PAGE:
A son, irrespective of his marital status, has no legal right to live in the self-acquired house of his parents and may dwell there only at their "clemency", the Delhi high court has said.

A son, irrespective of his marital status, has no legal right to live in the self-acquired house of his parents and may dwell there only at their "clemency", the Delhi high court has said.

The court likewise said that only because parents have let the son reside in their house as long as their connections are cordial does not mean they have to bear his "burden" throughout his life.

"Where the house is self-got by the parents, son whether married or single, has no legal right to reside in that house and he can live because of house only at the clemency of his parents up to the time the parents allow," Justice Pratibha Rani said within an order.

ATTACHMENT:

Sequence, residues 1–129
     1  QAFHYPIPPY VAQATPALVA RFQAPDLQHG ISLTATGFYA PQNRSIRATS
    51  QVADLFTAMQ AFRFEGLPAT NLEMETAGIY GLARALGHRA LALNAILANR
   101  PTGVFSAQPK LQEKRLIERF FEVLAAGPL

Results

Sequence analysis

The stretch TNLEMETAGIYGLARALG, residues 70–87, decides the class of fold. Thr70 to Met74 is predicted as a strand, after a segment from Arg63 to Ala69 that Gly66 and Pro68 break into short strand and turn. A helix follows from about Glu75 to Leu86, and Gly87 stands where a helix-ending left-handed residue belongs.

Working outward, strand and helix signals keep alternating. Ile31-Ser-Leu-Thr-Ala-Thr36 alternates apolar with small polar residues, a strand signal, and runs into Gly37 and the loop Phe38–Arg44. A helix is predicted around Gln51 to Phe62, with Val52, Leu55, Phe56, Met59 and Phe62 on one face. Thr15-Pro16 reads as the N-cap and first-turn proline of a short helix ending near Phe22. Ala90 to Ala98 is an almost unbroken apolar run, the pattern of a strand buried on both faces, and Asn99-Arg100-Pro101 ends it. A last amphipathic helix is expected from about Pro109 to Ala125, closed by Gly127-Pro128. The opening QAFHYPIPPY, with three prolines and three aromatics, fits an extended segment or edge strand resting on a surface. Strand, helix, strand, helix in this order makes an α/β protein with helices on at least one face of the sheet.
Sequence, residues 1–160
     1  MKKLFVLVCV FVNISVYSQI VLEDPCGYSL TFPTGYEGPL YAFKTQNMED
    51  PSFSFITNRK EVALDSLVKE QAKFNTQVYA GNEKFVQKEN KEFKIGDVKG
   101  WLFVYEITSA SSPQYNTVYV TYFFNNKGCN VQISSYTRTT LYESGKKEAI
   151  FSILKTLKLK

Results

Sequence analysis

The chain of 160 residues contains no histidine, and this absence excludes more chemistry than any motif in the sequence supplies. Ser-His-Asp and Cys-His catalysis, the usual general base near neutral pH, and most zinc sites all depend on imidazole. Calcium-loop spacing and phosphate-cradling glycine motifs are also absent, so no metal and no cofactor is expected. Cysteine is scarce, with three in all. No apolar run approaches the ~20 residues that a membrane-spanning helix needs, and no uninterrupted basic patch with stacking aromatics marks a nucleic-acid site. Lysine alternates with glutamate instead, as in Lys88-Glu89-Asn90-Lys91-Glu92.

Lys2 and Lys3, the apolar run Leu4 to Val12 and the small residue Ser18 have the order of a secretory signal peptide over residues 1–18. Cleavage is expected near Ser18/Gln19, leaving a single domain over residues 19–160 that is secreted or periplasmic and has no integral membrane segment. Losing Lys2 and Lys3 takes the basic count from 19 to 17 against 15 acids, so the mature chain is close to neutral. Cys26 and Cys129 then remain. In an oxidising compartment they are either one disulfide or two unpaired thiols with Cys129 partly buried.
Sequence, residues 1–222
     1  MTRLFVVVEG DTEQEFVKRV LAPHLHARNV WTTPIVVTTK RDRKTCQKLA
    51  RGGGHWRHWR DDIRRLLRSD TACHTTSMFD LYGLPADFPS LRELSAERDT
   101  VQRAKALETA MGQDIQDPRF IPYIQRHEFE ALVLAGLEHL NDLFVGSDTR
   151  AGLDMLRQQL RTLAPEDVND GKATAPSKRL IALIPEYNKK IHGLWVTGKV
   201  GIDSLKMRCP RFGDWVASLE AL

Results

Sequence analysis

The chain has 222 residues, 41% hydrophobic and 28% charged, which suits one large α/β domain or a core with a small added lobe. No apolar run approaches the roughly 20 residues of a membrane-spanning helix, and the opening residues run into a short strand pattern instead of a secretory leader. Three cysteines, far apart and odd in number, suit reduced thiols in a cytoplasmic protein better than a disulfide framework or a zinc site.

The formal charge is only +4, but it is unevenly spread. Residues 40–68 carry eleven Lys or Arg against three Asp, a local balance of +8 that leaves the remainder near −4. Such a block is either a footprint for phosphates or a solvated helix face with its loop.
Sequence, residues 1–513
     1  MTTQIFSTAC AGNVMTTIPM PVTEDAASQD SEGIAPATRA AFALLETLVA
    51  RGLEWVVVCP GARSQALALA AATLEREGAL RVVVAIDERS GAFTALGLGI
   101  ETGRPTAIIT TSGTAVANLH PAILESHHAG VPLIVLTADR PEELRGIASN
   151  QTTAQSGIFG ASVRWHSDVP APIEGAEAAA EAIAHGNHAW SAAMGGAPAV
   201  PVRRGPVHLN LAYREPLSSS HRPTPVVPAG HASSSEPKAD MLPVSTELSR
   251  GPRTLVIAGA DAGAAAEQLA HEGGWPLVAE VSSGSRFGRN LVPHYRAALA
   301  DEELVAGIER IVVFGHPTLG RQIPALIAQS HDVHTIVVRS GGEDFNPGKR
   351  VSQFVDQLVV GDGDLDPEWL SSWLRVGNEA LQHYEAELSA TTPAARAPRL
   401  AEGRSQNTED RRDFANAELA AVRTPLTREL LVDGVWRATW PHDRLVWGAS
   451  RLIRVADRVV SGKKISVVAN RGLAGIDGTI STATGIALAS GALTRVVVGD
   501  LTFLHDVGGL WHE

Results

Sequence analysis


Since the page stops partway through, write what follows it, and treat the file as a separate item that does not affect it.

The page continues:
"Merely as the parents have let him reside in the home so long as his connections with the parents were cordial does not mean that the parents have to endure his weight throughout his life," the court said.

The parents, both senior citizens, had told the lower court that both their sons and daughters-in-law, who were living with them, have made their "life hell" after which they had given criticisms to the authorities as well as issued public notices in 2007 and 2012 debarring them from their self-acquired property.

Both daughters-in-law and the sons had challenged the suit before the trial court while denying the claims. They'd also asserted that they were the co-owners of the property as they'd contributed towards its purchase and construction.

But, the trial court and the decree had passed in favour of the parents after which the high court, along with his wife, had moved.

In the order, Justice Rani noted that his wife and the son were not able to establish that they were the co-owners of the home, while his parents have created their contention on the idea of documentary evidence.

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